S. Ratnam, E. Mercer, B. Picco, S. Parsons, and R. Butler, “A nosocomial outbreak of diarrheal disease due to Yersinia enterocolitica serotype O:5, biotype 1,” Journal of Infectious Diseases, vol. 145, no. 2, pp. 242–247, 1982.View at: Google Scholar
X. Wang, Z. Cui, H. Wang et al., “Pathogenic strains of Yersinia enterocolitica isolated from domestic dogs (Canis familiaris) belonging to farmers are of the same subtype as pathogenic Y. enterocolitica strains isolated from humans and may be a source of human infection in Jiangsu Province, China,” Journal of Clinical Microbiology, vol. 48, no. 5, pp. 1604–1610, 2010.View at: Publisher Site | Google Scholar
J. Chin, Yersiniosis/ Intestinal Yersiniosis/ Extraintestinal Yersiniosis. Control of Communicable Diseases Manual, vol. 17, American Public Health Association, Washington, DC, USA, 2000.
A. Bruining and C. C. M. De Wilde-Huizen, “A case of contamination of donor blood by Yersinia enterocolitica type 9,” Medikon Nederland, vol. 4, pp. 25–26, 1975.View at: Google Scholar
J. Jacobs, D. Jamaer, J. Vandeven, M. Wouters, C. Vermylen, and J. Vandepitte, “Yersinia enterocolitica in donor blood: a case report and review,” Journal of Clinical Microbiology, vol. 27, no. 5, pp. 1119–1121, 1989.View at: Google Scholar
M. A. Tipple, L. A. Bland, J. J. Murphy et al., “Sepsis associated with transfusion of red cells contaminated with Yersinia enterocolitica,” Transfusion, vol. 30, no. 3, pp. 207–213, 1990.View at: Google Scholar
G. Wauters, K. Kandolo, and M. Janssens, “Revised biogrouping scheme of Yersinia enterocolitica,” Contributions to Microbiology and Immunology, vol. 9, pp. 14–21, 1987.View at: Google Scholar
S. Bhaduri, B. Cottrell, and A. R. Pickard, “Use of a single procedure for selective enrichment, isolation, and identification of plasmid-bearing virulent Yersinia enterocolitica of various serotypes from pork samples,” Applied and Environmental Microbiology, vol. 63, no. 5, pp. 1657–1660, 1997.View at: Google Scholar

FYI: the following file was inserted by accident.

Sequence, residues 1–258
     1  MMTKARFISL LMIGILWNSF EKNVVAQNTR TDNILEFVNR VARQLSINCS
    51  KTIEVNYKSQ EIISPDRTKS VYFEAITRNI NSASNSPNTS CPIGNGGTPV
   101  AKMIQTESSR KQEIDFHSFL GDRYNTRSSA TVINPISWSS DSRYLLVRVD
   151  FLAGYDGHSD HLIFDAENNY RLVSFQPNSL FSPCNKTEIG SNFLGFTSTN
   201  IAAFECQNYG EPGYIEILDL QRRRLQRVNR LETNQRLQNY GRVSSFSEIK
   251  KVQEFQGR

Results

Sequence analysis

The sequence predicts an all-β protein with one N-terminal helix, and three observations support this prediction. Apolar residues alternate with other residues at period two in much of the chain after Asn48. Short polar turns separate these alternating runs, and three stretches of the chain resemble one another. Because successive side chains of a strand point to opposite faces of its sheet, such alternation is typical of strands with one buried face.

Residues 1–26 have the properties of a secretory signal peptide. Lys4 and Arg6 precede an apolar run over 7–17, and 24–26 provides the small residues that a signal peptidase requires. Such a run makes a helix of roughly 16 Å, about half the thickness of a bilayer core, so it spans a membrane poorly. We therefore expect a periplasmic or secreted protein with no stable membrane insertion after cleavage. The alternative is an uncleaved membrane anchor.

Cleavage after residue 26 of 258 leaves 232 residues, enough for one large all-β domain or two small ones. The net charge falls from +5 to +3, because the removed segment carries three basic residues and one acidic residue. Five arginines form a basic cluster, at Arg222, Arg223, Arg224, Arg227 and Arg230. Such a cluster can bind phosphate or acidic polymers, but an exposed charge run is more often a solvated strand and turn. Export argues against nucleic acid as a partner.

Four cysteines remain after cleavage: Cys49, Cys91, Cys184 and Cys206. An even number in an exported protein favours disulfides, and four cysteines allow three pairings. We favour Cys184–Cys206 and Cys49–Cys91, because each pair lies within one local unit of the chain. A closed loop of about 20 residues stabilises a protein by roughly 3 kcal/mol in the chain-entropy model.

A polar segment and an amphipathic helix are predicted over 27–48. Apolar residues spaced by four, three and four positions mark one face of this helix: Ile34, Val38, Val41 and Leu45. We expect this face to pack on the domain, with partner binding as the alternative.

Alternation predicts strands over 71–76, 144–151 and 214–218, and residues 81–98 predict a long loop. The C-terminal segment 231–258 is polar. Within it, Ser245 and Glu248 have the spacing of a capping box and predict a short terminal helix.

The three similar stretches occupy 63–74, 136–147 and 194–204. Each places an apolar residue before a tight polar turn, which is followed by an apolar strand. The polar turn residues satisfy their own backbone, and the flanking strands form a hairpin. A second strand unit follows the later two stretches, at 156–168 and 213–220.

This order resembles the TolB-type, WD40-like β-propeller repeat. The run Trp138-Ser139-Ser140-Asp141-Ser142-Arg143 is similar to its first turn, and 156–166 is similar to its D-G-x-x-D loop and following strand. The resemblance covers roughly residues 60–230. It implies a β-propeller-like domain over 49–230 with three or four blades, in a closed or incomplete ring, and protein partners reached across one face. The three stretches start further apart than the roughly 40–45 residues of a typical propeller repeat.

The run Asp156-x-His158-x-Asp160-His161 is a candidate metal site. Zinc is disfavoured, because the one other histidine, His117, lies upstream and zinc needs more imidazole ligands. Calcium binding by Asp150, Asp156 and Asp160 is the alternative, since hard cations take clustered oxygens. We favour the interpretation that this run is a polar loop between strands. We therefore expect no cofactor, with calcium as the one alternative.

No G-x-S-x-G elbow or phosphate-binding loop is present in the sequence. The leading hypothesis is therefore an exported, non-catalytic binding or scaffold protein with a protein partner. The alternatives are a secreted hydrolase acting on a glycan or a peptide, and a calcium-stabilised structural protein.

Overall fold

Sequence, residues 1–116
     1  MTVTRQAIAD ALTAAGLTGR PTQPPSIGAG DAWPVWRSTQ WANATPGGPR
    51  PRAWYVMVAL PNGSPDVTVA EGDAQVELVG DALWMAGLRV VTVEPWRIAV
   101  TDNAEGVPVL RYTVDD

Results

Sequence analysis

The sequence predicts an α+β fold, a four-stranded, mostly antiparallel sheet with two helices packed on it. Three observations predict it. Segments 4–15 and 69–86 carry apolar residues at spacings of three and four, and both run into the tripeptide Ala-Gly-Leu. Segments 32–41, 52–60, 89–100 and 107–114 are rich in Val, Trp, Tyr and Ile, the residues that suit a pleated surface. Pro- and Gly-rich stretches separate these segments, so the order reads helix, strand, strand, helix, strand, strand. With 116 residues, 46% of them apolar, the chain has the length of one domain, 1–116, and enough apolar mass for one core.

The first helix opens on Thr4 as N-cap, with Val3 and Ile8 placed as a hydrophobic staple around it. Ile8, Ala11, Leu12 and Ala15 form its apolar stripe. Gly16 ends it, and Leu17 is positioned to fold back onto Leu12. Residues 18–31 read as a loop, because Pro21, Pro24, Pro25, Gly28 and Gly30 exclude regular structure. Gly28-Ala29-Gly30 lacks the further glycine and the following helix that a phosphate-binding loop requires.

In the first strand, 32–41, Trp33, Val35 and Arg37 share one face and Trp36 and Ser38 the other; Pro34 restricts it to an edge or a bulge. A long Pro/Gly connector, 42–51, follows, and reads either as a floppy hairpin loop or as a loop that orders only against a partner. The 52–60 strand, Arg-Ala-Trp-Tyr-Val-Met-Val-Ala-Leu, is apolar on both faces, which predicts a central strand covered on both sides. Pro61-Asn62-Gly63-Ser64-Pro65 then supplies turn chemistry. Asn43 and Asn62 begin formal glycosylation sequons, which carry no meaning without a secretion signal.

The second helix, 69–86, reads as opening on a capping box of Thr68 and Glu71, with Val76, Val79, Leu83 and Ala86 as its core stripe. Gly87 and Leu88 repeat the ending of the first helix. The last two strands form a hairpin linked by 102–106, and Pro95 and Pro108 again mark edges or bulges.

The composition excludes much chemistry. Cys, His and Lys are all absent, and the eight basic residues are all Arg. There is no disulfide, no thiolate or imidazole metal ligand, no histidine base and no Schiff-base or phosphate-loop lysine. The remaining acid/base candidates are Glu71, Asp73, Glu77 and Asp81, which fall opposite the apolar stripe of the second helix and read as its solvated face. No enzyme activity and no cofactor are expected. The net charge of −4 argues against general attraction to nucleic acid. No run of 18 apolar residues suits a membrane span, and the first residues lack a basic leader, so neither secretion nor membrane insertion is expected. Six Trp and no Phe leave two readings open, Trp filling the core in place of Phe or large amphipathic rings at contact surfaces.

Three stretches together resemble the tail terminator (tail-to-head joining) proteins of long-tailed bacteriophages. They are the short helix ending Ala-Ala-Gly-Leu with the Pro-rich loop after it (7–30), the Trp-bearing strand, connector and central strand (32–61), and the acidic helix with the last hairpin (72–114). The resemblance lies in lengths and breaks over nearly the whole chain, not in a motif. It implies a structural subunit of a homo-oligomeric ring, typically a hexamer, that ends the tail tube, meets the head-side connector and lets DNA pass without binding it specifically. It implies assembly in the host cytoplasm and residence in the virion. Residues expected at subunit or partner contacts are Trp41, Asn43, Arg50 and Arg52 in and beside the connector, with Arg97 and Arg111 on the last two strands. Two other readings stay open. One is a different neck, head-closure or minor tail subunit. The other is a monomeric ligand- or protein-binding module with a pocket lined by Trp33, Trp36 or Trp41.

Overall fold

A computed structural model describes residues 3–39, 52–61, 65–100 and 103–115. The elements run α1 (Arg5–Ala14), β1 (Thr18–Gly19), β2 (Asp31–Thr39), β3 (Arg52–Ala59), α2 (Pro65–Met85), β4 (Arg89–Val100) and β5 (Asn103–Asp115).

B. Kot and E. A. Trafny, “The application of PCR to the identification of selected virulence markers of Yersinia genus,” Polish Journal of Veterinary Sciences, vol. 7, no. 1, pp. 27–31, 2004.View at: Google Scholar
P. Thoerner, C. I. B. Kingombe, K. Bogli-Stuber et al., “PCR detection of virulence genes in Yersinia enterocolitica and Yersinia pseudotuberculosis and investigation of virulence gene distribution,” Applied and Environmental Microbiology, vol. 69, no. 3, pp. 1810–1816, 2003.View at: Publisher Site | Google Scholar
X. Huang, K. I. Yoshino, H. Nakao, and T. Takeda, “Nucleotide sequence of a gene encoding the novel Yersinia enterocolitica heat-stable enterotoxin that includes a pro-region-like sequence in its mature toxin molecule,” Microbial Pathogenesis, vol. 22, no. 2, pp. 89–97, 1997.View at: Publisher Site | Google Scholar
S. Schubert, D. Fischer, and J. Heesemann, “Ferric enterochelin transport in Yersinia enterocolitica: molecular and evolutionary aspects,” Journal of Bacteriology, vol. 181, no. 20, pp. 6387–6395, 1999.View at: Google Scholar
T. Grant, V. Bennett-Wood, and R. M. Robins-Browne, “Identification of virulence-associated characteristics in clinical isolates of Yersinia enterocolitica lacking classical virulence markers,” Infection & Immunity, vol. 66, no. 3, pp. 1113–1120, 1998.View at: Google Scholar